Scramble for Eritrea likely to change Horn, Nile geopolitics

Thursday October 4 2018

The railway line from Massawa Port into Asmara

The railway line from Massawa Port into Asmara, Eritrea. There is a Free Zone Authority in Massawa targeting investors in energy, tourism and fishing. PHOTO | AFP 

By FRED OLUOCH
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Eritrea, once seen as a pariah state, is opening up in a manner that is likely to change the geopolitics of the Horn of Africa, courtesy of the initiative by the Ethiopian Prime Minister Dr Abiy Ahmed Ali.

Dr Abiy ended the 20-year state of war between the two neighbours by agreeing to give up the disputed border town of Badme and normalised relations, with Somalia and Djibouti also extending a hand of friendship to Eritrea.

But as countries in the Horn still ponder how to relate to Eritrea and its long-term leader Isaias Afeworki, the Middle Eastern axis led by Saudi Arabia has moved in to strengthen its security and economic ties with Asmara.

President Isaias and Dr Abiy on September 17 signed the Jeddah Peace and Comprehensive Co-operation Agreement between Eritrea and Ethiopia, presided over by King Salman bin Abdulaziz Al Saud in the presence of the Crown Prince Mohammed bin Salman and UN Secretary-General Antonio Guterres.

A day later, Saudi authorities organised another rapprochement in which President Isaias made peace with his Djibouti counterpart, Ismail Omar Gelleh, with whom he has been feuding over the Dumeira mountain and island for the past 10 years.

Experts on the Horn of Africa say that the Saudi-led coalition in the Middle East, which includes the UAE, is trying to forestall the other axis led by Qatar and Turkey from taking advantage of the opening up of Eritrea to gain a foothold in the strategic region.

Kennedy Abwao, a specialist in Horn of Africa affairs, says that it was important for the Saudi axis to cement its relations with Eritrea which they have been using as base in their war against the Houthis in Yemen.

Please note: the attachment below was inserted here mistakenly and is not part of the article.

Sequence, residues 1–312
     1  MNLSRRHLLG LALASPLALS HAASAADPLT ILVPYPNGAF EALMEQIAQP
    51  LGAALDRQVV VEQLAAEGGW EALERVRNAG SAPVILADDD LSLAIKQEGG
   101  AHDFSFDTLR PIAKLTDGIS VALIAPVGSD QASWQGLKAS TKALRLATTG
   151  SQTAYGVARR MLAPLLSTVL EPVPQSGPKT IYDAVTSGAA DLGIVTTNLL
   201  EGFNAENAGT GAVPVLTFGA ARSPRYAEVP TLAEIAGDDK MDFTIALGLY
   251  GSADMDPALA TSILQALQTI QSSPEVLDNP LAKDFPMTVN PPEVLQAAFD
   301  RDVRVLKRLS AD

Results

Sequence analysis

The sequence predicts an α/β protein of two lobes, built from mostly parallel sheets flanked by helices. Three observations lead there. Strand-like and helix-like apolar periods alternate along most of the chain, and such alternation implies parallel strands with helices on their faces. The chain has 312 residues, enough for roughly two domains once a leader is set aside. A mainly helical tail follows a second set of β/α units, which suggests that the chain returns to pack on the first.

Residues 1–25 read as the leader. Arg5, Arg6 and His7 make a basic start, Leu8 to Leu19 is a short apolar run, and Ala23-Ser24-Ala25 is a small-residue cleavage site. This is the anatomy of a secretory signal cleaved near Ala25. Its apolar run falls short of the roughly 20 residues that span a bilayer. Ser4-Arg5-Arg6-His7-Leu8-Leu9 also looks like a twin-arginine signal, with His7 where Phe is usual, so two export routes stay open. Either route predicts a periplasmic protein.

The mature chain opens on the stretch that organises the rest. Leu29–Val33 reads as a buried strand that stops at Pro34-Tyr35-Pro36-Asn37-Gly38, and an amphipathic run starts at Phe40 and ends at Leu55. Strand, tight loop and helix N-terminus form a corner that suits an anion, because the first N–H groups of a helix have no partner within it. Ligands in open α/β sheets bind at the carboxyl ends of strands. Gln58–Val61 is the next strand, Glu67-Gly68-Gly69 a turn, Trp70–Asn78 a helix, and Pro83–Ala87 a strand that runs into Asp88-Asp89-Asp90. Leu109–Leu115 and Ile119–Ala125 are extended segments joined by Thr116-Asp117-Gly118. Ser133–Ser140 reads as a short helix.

“After the rise of the ISIS and the fact that Eritrea is the main migration route to the Middle East and eventually Europe, getting a foothold in the country and being able to influence it politically and economically was critical,” said Mr Abwao.

He said that Eritrea is now joining the global process to control the movement of migrants and terror elements from the region and around the world, with the tacit support of the United States and some European countries.

This means that Eritrea — which has been under UN sanctions for allegedly supporting Somalia’s Al Shabaab — is now joining the global war against terror.

According to the Jeddah Agreement, Ethiopia and Eritrea will combat terrorism as well as trafficking in people, arms and drugs in accordance with international covenants and conventions.

“The two countries will promote comprehensive co-operation in the political, security, defence, economic, trade, investment, cultural and social fields on the basis of complementarity and synergy,” says the agreement.

Keenly watching the unfolding events in the Horn is Egypt which, prior to Dr Abiy’s coming to power in April, had been using Eritrean soil to campaign against the Grand Ethiopian Renaissance Dam.

In January, Sudan — which is a key supporter of the hydropower project — closed its borders with Eritrea and sent troops to Kassala border town following reports that Egypt has deployed troops in Asmara.

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